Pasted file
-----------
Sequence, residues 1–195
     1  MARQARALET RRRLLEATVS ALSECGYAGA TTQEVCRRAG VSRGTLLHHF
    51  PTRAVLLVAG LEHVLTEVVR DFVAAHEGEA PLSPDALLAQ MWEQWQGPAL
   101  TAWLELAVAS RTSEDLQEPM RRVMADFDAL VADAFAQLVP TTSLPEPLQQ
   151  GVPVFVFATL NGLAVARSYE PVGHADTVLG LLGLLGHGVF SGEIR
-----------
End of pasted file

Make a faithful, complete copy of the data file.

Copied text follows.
Sequence, residues 1–195
     1  MARQARALET RRRLLEATVS ALSECGYAGA TTQEVCRRAG VSRGTLLHHF
    51  PTRAVLLVAG LEHVLTEVVR DFVAAHEGEA PLSPDALLAQ MWEQWQGPAL
   101  TAWLELAVAS RTSEDLQEPM RRVMADFDAL VADAFAQLVP TTSLPEPLQQ
   151  GVPVFVFATL NGLAVARSYE PVGHADTVLG LLGLLGHGVF SGEIR